With the madrassas and hybrid schools as well as Al Huda, Aneela points out that there is a homogenizing drive—a simplification of interpretation, an erasure of ethnic, linguistic and maybe theological difference. In her style, she then draws the narrative to herself and underscores what is lost when such essentialism takes over. What she writes about Islam in Pakistan is also true of other faiths in other places.

In ‘Texts of War,’ Aneela shows us that when militarism is deeply entrenched in a society, carrying guns is a common dream among young women as well as men. This chapter literally wanders through the rooms of this reality—with a literature review on the role of the military, its relationship with religion, women in the military and media representations thereof and the mirror image of all this in a society where girls and boys receive a religious education. Where does Pakistan’s only female Prime Minister fit into this picture? “Yes, we did salute her but you have to understand that the elation was not there in the heart of the soldier,” an officer told Aneela (page 122). Interviews with teenagers conducted in 1999 form a part of this chapter.

Ten years ago, almost to the date, the Pakistani army laid siege to Lal Masjid, which along with the attached Jamia Hafsa madrassa had come under the sway of a pair of militant brothers. In that siege, 154 were killed.  Aneela uses eyewitness and first-person accounts to narrate what happened from the perspective of those within the walls of the complex, many of them young girls. In fact, the chapter is largely made up of the translation of one such account by Umme Hassan. The polemics of this account showed that the young women had thought about issues beyond defending the mosque but they were not, Aneela tells us, feminist because they continued to reinforce “traditional, static and unchanging articulations of Muslim women” (page 167).

This book allows us to peer over a neighbourly wall and to eavesdrop on conversations that women are having about life, world and faith, and inevitably, politics. We get to meet the women that do not attend Southasian track two programmes or seminars and we are privy to their journeys. Aneela tells us that we will see a “more firebrand generation of young women” (page 170). When we do, this book will remind us of the influences that shaped them and our time.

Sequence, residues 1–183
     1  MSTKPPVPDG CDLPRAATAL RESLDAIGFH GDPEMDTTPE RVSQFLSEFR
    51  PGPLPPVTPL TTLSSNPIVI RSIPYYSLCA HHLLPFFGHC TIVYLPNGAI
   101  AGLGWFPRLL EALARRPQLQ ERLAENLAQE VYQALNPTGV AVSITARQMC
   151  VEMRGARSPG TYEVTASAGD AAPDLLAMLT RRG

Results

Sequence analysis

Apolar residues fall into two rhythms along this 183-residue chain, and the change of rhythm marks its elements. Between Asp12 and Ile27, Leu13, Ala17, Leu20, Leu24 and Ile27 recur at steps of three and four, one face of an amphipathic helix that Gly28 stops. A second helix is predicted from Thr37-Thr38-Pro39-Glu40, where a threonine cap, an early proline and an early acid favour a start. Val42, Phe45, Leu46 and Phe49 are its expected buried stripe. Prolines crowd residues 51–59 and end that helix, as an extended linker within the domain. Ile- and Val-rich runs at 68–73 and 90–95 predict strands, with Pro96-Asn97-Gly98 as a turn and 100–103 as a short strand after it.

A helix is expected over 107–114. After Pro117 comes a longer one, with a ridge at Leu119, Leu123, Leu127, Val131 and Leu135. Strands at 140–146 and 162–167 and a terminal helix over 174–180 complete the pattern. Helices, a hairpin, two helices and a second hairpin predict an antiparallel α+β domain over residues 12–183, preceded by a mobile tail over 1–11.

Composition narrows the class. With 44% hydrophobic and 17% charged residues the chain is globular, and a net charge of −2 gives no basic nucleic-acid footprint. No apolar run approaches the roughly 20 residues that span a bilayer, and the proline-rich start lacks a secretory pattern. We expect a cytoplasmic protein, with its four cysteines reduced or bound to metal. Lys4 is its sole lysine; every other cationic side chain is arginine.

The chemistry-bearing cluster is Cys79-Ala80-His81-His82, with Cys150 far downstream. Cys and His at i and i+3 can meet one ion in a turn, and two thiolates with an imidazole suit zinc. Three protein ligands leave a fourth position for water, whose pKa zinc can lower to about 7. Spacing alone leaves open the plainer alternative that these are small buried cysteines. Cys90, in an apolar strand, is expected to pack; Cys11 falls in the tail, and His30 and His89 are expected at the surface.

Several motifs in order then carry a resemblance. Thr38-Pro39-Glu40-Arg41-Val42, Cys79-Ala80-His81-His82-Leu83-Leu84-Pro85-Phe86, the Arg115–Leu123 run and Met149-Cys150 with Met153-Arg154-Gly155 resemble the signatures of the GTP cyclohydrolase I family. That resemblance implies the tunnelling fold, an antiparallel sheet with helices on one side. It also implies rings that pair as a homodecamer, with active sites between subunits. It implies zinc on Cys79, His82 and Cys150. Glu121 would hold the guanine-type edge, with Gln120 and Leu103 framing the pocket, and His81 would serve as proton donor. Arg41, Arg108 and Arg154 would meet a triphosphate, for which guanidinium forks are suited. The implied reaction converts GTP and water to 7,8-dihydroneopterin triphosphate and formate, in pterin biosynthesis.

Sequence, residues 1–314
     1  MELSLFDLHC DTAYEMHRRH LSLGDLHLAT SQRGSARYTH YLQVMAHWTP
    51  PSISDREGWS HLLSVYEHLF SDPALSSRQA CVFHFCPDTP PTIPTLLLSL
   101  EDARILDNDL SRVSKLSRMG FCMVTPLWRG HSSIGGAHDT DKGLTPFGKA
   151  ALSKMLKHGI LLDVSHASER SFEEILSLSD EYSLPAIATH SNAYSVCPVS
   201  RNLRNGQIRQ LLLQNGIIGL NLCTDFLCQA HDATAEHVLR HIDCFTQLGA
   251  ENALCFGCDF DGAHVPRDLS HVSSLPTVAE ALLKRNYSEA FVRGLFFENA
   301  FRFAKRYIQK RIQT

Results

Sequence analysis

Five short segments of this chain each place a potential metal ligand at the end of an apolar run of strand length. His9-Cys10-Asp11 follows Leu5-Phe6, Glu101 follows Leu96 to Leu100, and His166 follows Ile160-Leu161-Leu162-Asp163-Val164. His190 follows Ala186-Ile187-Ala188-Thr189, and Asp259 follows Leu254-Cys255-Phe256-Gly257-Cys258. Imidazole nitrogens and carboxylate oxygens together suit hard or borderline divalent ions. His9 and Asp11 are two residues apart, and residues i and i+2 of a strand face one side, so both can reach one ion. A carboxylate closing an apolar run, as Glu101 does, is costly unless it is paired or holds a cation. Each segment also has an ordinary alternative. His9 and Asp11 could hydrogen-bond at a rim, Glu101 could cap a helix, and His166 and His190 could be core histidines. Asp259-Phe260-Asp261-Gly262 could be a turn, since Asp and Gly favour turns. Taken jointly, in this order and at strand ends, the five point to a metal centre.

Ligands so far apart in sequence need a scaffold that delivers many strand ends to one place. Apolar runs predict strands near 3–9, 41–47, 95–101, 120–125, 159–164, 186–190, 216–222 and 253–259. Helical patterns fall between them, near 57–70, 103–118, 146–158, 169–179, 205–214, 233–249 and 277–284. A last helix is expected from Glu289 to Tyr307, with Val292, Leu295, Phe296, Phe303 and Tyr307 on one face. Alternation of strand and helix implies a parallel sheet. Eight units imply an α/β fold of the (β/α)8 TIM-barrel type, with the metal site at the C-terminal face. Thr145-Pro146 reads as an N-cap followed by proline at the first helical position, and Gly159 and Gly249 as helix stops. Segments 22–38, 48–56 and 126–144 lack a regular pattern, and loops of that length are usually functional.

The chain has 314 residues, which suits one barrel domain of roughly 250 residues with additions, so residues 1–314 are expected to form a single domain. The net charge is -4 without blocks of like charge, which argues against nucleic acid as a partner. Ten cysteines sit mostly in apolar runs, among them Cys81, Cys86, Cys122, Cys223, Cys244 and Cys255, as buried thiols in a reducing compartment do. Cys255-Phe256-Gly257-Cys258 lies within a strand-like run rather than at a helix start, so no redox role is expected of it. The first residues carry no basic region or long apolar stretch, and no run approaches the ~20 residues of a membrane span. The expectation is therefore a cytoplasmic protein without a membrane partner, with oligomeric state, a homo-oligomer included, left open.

Coming back then to this idea of ‘extremism,’ what this book allows you to see is that there is nothing really extreme about it when you are inside that society, on your journey. It is your evolution, seeking answers for your life and following those answers logically. To understand is to justify, and that is one reason to other that which threatens what we hold dear, but without understanding and empathy, can we resolve? Will there be a solution to the violence of this historical moment that is not rooted in understanding and empathy—that you feel as you do because of where you come from and what you have been through, and what you believe is what allows you to make sense of your life? I don’t know. But reading Aneela’s book allowed me to look long and hard and try to learn something about a world that is just outside the limits of mine, but finding its way into my backyard as well.
My big complaint with this book is that it could have been better edited. It is the writer’s prerogative to spill words on a page and the editor’s job to clean, sort and craft them into a higher form of her art. The result is an absorbing text that is sometimes stream-of-consciousness—you get the gist but cannot find the point—or a structure you can recapitulate or argument you can summarise. For a work that is so unusual and important, the apparent absence of editorial engagement is a big setback.   
You can read this book for many reasons. You can read it to learn about what women’s lives are really like in Pakistan and what ideas about masculinity and femininity are now circulating. You can read it for the insights it offers into “radicalisation” and extremism, especially how the state becomes complicit in this process. You can read it for the many stories and anecdotes it is built around, which allow you to visit Pakistan in a way that other academic writing will not. You can read it for the meticulous research that is reported (like translations of original literature, for instance). You can read it because it’s a really good example of feminist scholarship and writing—in its approach, its transparency. But really, if you pretend to have an interest in gender, Pakistan (or Southasia) extremism or social change, you should read this book.

PS: Aneela, please review my review kindly!